Stuff that turned out worse than was expected:
- "A Christmas Carol" performed by Trinity Reperatory Company in Providence, RI: Every year, my family buys tickets to see this annually produced show, and Trinity Rep. reliably creates a new perspective or interpretation to keep the many-times/many-ways seen show interesting. However, "interesting" this year bordered on the bizarre. My first indication that this would be the case was a commercial I saw on a local TV channel about the show by the director. The director, "so honored to be able to do Trinity's play," in as few words a possible, convinced me that he apparently thought he had come up with THE new, modern, artsy way to do the show. Therefore, I wasn't so much "shocked" as I was disappointed to have been correct. The guy had a thing for puppets--perhaps wishing to shed some much needed employment upon his rarely spotlighted puppeteering friends--but he didn't quite carry through his ideas. There was one of Scrooge himself, which disappeared about mid-way through the play without ceremony and consequently, with a loss as to audience interpretation of the puppet's meaning. The most "striking" was the Ghost of Christmas Future, which rose out from a curtain on the stage in the form of a Phantom of the Opera mask-like face, accompanied by one "pointing" and one "non-pointing" hand. In other news, the set was "minimalist" to a severe degree--cups and tables in scenes weren't even "real", but were instead cardboard cut outs (unconvincing when they had to be "used" by the cast as if they retained that third dimension they were missing). The background sets, wheeled in and out by stage hands (and this was the first production I actually "saw" the stage people "working" on the stage--other times they were strategically well hidden) could have been sketched by, and were perhaps on loan from, a local third grade class attempting a similar production. Even the cast was minimalist--a chorus of girls between about 8 and 12 years old made up for the lack of "company" in song or in bustling, "busy" street scenes.
The Bottom Line: The reason why this production is being judged rather harshly is because first, Trinity has done amazing versions of this story that have wowed and truly affected its audience. If they couldn't do so, families like my own wouldn't make the yearly pilgrimage to see A Christmas Carol. Since it is such a popular play, enough so that they have to have two casts to perform it, you would think they would take that in hand and mind when they choose an "interpretive style" or perhaps even a director in the future.
- "The Crimson Petal and the White"--a novel by Michael Faber: When this book came out, I was working at Borders, and Mr. Faber was celebrated as "a twenty-first century Charles Dickens." However, simply setting a novel in the 19th-Century Victorian London, including some less-than-reputable characters and throwing in a slum or two to remind the reader of the "hard times" experienced by the masses does not qualify comparison to a literary paragon. The book is over eight hundred pages long but it does not at any point inspire the reader to the "unable to put the book down" level. In fact, the characters are so poorly developed and two-dimensional that the reader rather doesn't care what happens to them "next" as chapter after chapter passes by. In order to "make" his characters interesting, he gives them some peculiar mannerism--one of the main characters is a "fop" with an "innocent, sickly" wife, and another, a captivating whore. Faber is so preoccupied with preserving his mystique and setting the scene (or one can only suppose those are his motives) that he includes long interactions between characters that even he in the omnipresent "author's voice admits are irrelevant to the story the reader ultimately skips through to get back to some significant action. At first, the reader may be fooled into thinking these scenes and interactions are somehow symbolic; however, after perusing through many of them, it becomes abundantly clear that the reader will never be left in a position where he or she will have to backtrack in the novel to pick up that one piece of information or one detail missed in these scenes. Because of his minutea, one actually comes to expect the sex and the murder, etc., which destroys the surprise at these elements so well woven by far more skilled authors.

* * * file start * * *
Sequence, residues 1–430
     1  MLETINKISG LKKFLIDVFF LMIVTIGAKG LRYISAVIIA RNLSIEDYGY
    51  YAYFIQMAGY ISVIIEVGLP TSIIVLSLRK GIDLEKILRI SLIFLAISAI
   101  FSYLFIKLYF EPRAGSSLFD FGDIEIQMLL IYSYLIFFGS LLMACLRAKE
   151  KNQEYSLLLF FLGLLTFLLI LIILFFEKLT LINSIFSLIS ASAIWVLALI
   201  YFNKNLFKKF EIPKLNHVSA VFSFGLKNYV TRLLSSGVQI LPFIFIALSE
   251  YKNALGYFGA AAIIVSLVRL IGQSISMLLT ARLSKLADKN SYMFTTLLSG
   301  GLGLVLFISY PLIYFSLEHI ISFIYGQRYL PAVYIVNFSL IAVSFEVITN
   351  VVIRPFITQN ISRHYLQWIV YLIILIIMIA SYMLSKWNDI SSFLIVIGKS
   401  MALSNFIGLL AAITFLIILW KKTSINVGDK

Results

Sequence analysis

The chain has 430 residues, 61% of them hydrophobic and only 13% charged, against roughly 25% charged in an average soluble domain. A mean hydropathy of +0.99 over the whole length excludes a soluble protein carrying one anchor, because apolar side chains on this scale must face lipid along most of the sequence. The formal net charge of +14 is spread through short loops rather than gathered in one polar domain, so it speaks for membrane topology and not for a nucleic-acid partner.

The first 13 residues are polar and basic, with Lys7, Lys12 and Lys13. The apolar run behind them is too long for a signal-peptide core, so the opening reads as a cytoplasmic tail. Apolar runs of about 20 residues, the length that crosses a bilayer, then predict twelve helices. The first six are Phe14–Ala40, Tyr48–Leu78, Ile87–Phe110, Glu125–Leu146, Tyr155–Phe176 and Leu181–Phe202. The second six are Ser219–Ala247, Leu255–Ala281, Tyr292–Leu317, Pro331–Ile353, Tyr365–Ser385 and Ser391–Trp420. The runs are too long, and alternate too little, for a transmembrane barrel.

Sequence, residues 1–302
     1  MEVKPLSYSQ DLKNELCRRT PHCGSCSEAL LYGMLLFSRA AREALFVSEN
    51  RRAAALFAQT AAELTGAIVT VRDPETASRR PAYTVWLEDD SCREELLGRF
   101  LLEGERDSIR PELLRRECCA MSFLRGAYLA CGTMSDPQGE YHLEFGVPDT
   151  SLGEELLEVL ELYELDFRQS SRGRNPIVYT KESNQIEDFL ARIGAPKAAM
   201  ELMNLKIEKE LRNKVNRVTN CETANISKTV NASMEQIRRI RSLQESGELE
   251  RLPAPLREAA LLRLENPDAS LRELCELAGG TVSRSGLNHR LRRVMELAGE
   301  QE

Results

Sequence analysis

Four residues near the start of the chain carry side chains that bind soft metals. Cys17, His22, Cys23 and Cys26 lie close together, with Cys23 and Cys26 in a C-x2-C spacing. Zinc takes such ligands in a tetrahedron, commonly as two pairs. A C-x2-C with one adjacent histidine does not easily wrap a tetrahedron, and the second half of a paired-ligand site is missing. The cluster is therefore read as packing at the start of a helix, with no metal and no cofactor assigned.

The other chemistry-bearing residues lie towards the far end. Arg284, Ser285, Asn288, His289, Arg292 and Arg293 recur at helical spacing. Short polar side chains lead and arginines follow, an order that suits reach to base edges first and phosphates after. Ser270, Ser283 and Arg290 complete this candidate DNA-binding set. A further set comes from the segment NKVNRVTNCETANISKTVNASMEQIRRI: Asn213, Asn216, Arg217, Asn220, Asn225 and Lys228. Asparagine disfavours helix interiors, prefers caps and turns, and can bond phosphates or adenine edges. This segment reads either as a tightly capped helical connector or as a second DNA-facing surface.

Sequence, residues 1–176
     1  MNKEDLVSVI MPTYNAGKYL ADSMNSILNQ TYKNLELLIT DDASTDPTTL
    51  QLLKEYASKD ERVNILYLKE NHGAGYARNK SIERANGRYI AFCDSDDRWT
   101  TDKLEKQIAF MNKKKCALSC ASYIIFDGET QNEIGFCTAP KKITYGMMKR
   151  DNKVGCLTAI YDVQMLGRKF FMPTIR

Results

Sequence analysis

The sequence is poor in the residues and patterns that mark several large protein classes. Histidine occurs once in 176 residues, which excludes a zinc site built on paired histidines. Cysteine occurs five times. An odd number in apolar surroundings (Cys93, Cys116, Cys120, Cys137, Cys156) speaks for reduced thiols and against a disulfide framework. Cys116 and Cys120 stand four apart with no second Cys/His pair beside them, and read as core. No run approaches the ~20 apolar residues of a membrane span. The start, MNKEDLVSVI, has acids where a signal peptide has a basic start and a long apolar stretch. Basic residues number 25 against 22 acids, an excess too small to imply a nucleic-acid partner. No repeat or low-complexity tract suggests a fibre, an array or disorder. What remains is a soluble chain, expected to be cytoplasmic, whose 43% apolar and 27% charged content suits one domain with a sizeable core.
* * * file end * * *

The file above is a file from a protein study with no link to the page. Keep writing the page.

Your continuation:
The Bottom Line: I think invoking Dickens as a comparison to any unproven author is rather strong. I should have taken the hint when I found the book at a local used book store in hardcover form for about five dollars. Then again, I was told once that any book that is five dollars or less is worth getting. I think this is the only case to which that statement does not apply.